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Witly Lingo: Sales & Design

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EVERYTHING YOU NEED TO KNOW ABOUT WHAT WE DO!

We know some of our industry lingo can sometimes seem like a foreign language. Fear not, we are here to help you become experts so you can understand us, our processes, and exactly what you are investing your time and money into.

Please follow along with the videos below to familiarize yourselves with all things Witly!

SALES TERMINOLOGY

Colour: Refers to the amount of colours within a single application of art. For example, when you hear a "3 colour, 1 location" we are referring to a 1 location print, that has 3 colours within the artwork.

Lead-Time: The amount of time between process initiation and completion. For our customers lead-time is the time between a confirmed order and its scheduled pick up or delivery based on our terms and conditions. This varies based on the customer and the product.

Location: Refers to the location at which the application of art would be applied. For example, front, back, sleeve, etc. When you hear "1 colour, 2 location" we are referring to a garment that has 2 locations with 1 colour per location.
OOS: This stands for "out of stock". Unfortunately at times, products our customers request are OOS. We do our very best to keep on top of this!

Preshrunk: The garment or fabric has undergone a shrinking process during manufacturing to prevent further shrinking after washing or cleaning.

Proof: A proof is a preliminary version of your production run. It provides a close representation of how the production will arrive to you. Proofs are created to ensure that yourself and Witly are in complete agreement on the desired outcome before pressing go.
Style: A style is a unique item on your proof, that receives a sequential style number, starting from 1.1. This helps to keep us organized, and serves as a reference point for back and forth discussion. For example, "please move the print on style 1.1 up by 1".

Sewn In Neck Label: The garment has been made with a sewn in label, that sometimes is illegal to remove, or if allowed, can be removed by cutting. This leaves remnants of tag behind.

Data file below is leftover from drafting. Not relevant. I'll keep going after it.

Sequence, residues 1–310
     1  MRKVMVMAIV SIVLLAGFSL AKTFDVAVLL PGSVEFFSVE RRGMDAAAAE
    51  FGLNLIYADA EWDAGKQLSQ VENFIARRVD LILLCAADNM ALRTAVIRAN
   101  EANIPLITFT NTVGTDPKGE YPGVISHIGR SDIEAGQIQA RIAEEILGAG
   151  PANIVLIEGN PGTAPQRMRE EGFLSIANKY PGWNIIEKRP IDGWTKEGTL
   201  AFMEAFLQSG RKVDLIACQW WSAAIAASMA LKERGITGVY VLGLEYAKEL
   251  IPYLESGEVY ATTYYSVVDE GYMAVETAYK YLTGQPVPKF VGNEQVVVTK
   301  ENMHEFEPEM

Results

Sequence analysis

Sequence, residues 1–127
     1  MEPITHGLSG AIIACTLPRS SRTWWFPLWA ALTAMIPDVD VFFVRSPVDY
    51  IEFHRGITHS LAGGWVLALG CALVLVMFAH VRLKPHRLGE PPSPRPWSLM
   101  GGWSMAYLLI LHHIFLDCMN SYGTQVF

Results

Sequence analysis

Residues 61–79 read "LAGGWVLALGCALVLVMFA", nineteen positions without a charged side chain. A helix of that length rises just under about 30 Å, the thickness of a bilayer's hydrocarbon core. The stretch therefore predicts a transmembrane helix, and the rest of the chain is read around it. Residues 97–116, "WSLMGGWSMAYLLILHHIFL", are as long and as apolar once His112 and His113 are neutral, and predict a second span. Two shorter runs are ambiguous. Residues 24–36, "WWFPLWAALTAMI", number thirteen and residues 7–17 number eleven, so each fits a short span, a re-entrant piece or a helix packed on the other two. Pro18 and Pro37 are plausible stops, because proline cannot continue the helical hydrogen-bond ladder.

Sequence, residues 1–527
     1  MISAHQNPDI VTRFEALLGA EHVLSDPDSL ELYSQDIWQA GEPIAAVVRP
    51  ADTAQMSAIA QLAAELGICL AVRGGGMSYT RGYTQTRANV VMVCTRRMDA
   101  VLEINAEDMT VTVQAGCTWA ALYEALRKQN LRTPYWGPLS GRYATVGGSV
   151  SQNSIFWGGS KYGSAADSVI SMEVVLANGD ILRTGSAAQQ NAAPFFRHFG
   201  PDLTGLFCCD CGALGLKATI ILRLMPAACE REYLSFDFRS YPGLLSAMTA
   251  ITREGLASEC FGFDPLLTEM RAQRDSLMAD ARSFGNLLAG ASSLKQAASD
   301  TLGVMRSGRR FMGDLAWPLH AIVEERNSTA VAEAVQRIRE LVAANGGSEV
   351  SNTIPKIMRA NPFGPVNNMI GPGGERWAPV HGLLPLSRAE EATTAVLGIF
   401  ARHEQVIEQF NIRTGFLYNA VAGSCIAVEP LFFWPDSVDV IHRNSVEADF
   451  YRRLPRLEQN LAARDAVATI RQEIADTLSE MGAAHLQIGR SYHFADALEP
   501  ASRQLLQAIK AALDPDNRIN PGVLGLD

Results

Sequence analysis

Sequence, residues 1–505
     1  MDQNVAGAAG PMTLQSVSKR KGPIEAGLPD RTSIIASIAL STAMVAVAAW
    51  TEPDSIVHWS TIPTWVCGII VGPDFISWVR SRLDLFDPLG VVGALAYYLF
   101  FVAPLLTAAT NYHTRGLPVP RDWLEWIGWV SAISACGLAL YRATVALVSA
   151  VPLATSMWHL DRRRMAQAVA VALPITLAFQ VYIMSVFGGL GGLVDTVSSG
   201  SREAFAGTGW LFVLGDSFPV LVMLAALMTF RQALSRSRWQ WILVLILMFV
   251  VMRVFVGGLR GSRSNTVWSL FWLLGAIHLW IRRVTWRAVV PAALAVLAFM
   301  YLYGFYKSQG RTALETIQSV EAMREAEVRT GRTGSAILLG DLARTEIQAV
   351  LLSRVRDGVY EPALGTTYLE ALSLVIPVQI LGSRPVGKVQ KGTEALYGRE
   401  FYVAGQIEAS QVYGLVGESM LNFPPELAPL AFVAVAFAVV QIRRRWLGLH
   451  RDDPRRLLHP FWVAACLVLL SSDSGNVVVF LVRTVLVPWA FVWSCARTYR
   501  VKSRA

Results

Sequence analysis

Tearaway Neck Label: The garment has been made with a tear away label. This label is made from a thin paper-like material that can easily be torn off the garment without ripping the fabric.

Unit: Unit refers to the measure at which we sell our products. For example, the price for 12 units is $10.00 per unit.

DESIGN TERMINOLOGY

Vector File: In simplest terms, vector graphics are created using lines and points instead of pixels. This means that it can be stretched or shrunk to nearly any size without compromising the integrity of the art. The best option available for production!

Bit Map/Raster File: Raster files are composed of the coloured blocks commonly referred to as pixels. An image created on a visual display unit where each pixel corresponds to one or more bits in memory, the number of bits per pixel determines the number of available colours.

DPI: This stands for “dots per inch”. It is a measure of printing resolution that indicates the number of individual dots a printer can produce in a linear one-inch space. If providing bit map images, these are ideally sent at 300 dpi.

Colour Separation:
When you send a screen printer a full-colour image, colour separators then figure out how to break down your image so that it can be printed in layers.
CMYK: Cyan, magenta, yellow, and black or key. A printing process of halftone blending to combine colours for a full range image.

Film/Film Positive: This is the clear piece of “plastic” with your artwork printed onto it in the blackest of black inks.

Knocked Out: Omitted portions of artwork in a design that prevent other colours from printing over top of one another.

LPI: This stands for 'lines per inch". A measurement of printing resolution. A line consists of halftones that are built by physical ink dots during printing to create different tones. LPI is a measure of how close together the lines in a halftone grid are.
SIM: Simulated process uses halftones with up to 11 colours blend to make a full range image. Similar to CMYK but ideally for dark garments as sim is mainly used for halftone under-basing.

Spot Colour: Spot colours are the most common print technique in the industry. It is the act of printing it a solid layer through open areas of the screen mesh, with a stock or mixed colour, which is different to the halftone nature of SIM or CMYK. These designs are usually created through the use of vector graphics programs such as Adobe Illustrator.

Trap: A trap allows you to more easily maintain registration of a graphic when it is broken down into spot colours. It is essentially an overlap of colours to whatever a degree that is tolerable.

NOW YOU'RE AN EXPERT.
JUST LIKE US!

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We hope we were able to give you some clarity on what your garments go through here at Witly. Please continue following along as we define more Witly related terms. If you have any questions or want to know where to start, we are here to help you!
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